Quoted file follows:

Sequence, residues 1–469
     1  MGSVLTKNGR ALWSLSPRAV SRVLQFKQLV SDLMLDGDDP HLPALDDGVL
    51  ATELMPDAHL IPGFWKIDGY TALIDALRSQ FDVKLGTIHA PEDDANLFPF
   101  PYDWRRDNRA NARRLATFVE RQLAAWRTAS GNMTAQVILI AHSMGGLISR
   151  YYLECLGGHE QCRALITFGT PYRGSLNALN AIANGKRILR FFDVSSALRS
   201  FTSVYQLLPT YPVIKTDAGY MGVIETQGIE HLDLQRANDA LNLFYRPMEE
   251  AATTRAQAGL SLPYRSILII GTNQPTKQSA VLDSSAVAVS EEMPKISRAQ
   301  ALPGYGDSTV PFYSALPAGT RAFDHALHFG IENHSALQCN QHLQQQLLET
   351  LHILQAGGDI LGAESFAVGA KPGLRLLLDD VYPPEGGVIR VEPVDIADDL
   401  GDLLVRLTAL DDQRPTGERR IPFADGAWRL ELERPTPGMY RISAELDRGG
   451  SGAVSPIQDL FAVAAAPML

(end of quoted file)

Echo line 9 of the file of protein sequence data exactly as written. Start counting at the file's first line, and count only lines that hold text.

   351  LHILQAGGDI LGAESFAVGA KPGLRLLLDD VYPPEGGVIR VEPVDIADDL